Tuesday, September 13, 2016

A Farewell at the Tsegulas

We have been home from our mission for almost five months now, but there were some blog posts that I always regretted not writing at the very end.  Hence, I will turn my thoughts back to Malawi and write about some of our final precious experiences.
 A few nights before we were scheduled to leave the mission field, we were invited to visit the Tsegula family at their family compound.  We were late in arriving and it was already starting to turn dark, but how thrilled we were to see so many of the family members gathered in the main house.  

I sat down next to Eliza and her children. Eliza and I had become very close as she had been through some difficult months with a serious illness.
 This is the third generation of Tsegulas who live there and believe me, there are enough for an entire Primary!

Sister Tsegula, the matriarch and such a lovely person, sits by the door next to her daughter Teresa (in blue skirt). 
We have come to know and love this family since we have made many previous visits to their home.
These photos were from the previous months.

Here is the patriarch, Brother James Tsegula, showing us how to use the khasu to hoe around the maize. 
 George trying his best to look like he is helpful!

The matriarch, Sister Annie Tsegula.  We were fast friends and even though we could not speak the same language except for a few words, we showed our love with many hugs and smiles.  She always carried my purse for me whenever we came to visit. 

Gladwell is one of the older sons.  He served a mission to South Africa and actually served with a senior couple from our home ward, Dave and Marilyn Uffens.

Gladwell with his wife Mary and their children Clanwell, Jedthane, and Puritan.

Alexander was attending school and learning to work with computers.  He was also a great branch mission leader.

The youngest son, Innocent.

Just a few weeks before our farewell visit, we stopped by and were amazed at the height of the maize.

Now, on this lovely evening, when we walked into the Tsegula home, what did we see but.....
In the middle of the room was a wondrous pile of maize.  They had just gathered their first harvest and even though this was a terrible year for drought, the Tsegulas were fortunate to have access to water.
The plump ears looked so beautiful and we could tell that the family had worked hard to prepare them.

Brother and Sister Tsegula presented each of us with artistically bound collections of ears as a thank you and a farewell gift.

Then we were led outside where Brother Tsegula showed us an area that he said would be the Beal tree park. There were two small seedlings that we were each to plant.  The one I planted was to be in our honor.

 Brother Tsegula assisting me along with some helpful friends.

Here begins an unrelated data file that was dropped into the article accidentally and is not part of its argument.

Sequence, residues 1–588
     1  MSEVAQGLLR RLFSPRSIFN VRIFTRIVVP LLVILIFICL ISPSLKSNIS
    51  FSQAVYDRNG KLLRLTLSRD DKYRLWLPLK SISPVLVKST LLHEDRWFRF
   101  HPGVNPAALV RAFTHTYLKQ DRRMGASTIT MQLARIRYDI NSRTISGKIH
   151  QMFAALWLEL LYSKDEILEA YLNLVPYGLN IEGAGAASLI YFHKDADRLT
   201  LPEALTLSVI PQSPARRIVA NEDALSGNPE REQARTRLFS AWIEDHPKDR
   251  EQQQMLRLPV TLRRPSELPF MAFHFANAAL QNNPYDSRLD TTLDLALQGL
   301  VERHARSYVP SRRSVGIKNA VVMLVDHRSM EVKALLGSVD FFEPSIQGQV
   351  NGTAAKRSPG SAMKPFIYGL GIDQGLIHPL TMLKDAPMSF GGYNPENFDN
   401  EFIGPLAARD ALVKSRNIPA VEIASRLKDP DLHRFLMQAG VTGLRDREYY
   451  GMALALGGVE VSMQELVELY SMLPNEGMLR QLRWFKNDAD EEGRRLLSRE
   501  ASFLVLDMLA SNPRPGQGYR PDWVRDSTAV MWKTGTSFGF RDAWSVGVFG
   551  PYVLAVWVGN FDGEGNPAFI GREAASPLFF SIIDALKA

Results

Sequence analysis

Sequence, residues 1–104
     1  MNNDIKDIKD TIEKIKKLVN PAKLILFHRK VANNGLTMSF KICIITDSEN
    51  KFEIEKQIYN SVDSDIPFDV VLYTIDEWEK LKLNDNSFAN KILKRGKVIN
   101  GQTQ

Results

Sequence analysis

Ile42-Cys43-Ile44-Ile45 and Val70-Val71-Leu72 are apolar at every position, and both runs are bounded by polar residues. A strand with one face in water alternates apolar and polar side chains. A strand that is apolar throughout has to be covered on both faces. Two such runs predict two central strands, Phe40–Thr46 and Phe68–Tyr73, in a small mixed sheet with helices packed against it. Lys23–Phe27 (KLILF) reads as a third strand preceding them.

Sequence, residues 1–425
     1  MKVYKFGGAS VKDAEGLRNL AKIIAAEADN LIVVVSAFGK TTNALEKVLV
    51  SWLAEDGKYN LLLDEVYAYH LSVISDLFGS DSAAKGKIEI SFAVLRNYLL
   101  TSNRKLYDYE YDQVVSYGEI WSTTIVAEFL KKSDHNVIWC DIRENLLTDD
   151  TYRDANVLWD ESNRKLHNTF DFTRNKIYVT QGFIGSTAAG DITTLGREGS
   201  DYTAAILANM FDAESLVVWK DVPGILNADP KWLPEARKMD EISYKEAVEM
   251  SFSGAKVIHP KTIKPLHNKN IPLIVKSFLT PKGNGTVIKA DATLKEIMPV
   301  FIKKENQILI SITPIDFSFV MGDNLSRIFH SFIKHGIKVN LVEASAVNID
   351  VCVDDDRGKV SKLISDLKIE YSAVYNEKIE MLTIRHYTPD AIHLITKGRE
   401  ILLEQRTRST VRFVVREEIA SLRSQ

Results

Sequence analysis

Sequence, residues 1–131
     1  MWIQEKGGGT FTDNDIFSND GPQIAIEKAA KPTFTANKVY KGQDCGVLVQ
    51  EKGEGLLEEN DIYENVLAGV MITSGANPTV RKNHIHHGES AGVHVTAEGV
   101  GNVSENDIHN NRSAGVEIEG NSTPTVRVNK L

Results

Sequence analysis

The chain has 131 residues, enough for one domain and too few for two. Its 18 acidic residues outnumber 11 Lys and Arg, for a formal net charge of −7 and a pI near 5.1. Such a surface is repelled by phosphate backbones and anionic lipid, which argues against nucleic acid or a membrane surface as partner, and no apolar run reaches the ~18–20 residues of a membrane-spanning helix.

Now that the Elder and Sister Beal tree had been planted, we moved to the other side for the second planting.  This was in honor the visits of our son Seth and our sons-in-law, Ryan Owens and Tomicah Tillemann.  They had visited us at different times on our mission and we had taken them to meet our dear friends, the Tsegulas.

The final touch - we poured water on each of the newly  planted seedlings.

This was such a special evening for us and there were tears at the end when we expressed our testimonies and our deep love for this strong family.  It's hard to say a "forever" good-bye so I always think in the back of my mind that we will someday return.  Now I will have not only friends to visit, but trees to check on!

Friday, March 18, 2016

The Artists of Zingwangwa - Carole's Post

Artist # 1
When we first arrived in Blantyre and attended church at the Zingwangwa branch, we got to know the Banda family. Sister Banda was the Relief Society president.  Brother Banda, the Elders' Quorum president at the time, was the first member to take us around, to introduce us and show us where some other members live.  He is now President Banda of the Zingwangwa branch.
 Taken  when we first arrived, this photo was right in front of their home.  The children, Comfort, Conscious, and Cornie are all a little taller now.

President Banda, taken last week at an activity.  He loves his Kenya shirt, but he is a Malawian true and true.

Joseph Banda is also an artist true and true.  He plays the guitar, sings and leads the music at church, paints, and carves wood into nativity sets and other Malawian figures.

He attaches the canvases to the living room wall and works on his paintings over a period of several days.

The top painting is the beginning of an "iron rod" scene.  You can see the river, the "tree of Life" and a large and spacious building, not yet filled with people.

This is the detail of a village scene.  At least these missionaries have heads (but not yet faces).  Sometimes we have seen them headless, which is always a little distressing to me.
His hand can serve as a palette.
And I thought we were the only ones who worked in white shirts!

Sometimes, when we have stopped by with visiting senior missionaries, friends or family, he will bring out his most recent work.
The cement floor is new this year.  During our first months here, the floor was dirt.  Now sometimes, he takes out chalk and draws a map to direct us to a location.  Very convenient!

Artist #2
A few months ago, Elder Mphofu baptized a new member into the church in the Zingwangwa branch.  When his name was read in, I noticed right away that is was MATTISE - not a name I had heard before in Malawi.  Mattise is deaf and Elder Mphofu (from Kenya) knew how to sign.  Now several members in the branch are learning to sign, not only to communicate with Matisse, but also with other new deaf members.